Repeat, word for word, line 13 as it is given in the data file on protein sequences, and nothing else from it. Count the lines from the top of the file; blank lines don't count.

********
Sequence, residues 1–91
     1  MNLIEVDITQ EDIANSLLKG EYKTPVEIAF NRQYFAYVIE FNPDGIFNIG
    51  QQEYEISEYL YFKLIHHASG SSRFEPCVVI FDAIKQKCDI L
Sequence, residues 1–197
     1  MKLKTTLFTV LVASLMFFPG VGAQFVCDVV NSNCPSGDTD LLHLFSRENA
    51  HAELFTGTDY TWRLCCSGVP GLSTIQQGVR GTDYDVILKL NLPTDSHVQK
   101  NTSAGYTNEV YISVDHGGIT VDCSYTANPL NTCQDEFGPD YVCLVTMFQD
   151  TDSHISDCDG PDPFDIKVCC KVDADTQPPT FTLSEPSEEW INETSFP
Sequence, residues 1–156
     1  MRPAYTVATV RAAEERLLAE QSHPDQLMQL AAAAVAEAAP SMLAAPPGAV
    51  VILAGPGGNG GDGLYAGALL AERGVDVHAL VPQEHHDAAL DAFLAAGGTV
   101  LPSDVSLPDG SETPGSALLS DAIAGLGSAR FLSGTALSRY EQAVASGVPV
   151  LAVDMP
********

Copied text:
   151  LAVDMP